Look out below.
Prices for pork look set to plunge over the summer, recent research shows.
August-dated futures contracts for lean hogs recently fetched around $1.16 a pound on the CME, the highest level since mid-2014. That’s up from around 62 cents at the beginning of the year.
But what goes up must come down, according to a recent report from financial firm Hackett Financial Advisors, which states.
- “Summertime US pork exports to China should dry up, leaving too much supply to find a willing buyer at current high prices.”
Hackett sees two scenarios both of which will lead to a drop in sales to China, which is by the world’s largest consumer of the meat.
First, if the country has rebuilt its herd of hogs following a major outbreak of African Swine Fever in 2018, it won’t need foreign production, so exports from the US will likely drop.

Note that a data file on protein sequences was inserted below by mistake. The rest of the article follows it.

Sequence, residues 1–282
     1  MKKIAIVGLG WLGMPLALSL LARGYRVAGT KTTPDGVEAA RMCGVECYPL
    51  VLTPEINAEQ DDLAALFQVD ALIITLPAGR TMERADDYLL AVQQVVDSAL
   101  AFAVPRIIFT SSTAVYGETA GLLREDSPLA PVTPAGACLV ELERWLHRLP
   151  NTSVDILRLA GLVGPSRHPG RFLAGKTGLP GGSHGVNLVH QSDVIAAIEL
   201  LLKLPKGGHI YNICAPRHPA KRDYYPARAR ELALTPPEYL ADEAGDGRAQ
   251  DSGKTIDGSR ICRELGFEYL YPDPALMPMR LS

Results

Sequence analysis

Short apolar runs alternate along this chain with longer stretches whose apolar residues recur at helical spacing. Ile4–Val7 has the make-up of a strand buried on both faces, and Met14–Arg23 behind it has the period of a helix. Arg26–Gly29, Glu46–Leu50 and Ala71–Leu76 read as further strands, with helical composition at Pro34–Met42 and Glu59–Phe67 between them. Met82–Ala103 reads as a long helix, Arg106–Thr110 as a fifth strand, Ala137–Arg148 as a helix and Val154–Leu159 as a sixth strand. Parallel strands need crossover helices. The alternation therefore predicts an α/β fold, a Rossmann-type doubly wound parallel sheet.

Second, suppose the Chinese government has been economical with the truth about the extent of the recent recurrence of the disease. In that case, a likely slaughter of the current herd would flood the Chinese market with pork.
In short, “they will not need to import much pork from the US over the summer months,” the Hackett report states.
Extended Bullishness Is Bearish for Pork
That data recently showed that traders held 76,000 futures contracts betting on a continued rally than they they did on a price fall. That puts the positioning in the 96% percentile over the past five years, according to data collated by New York-based financial form Macro Risk Advisors.
Typically, when investors or traders collectively take an extraordinarily bullish or bearish view, the likely next move is in the opposite direction. In this case, that would be a downward move in hog prices.
In this case, Hackett sees the price headed far lower with “a swift decline to low $90’s support, the report states.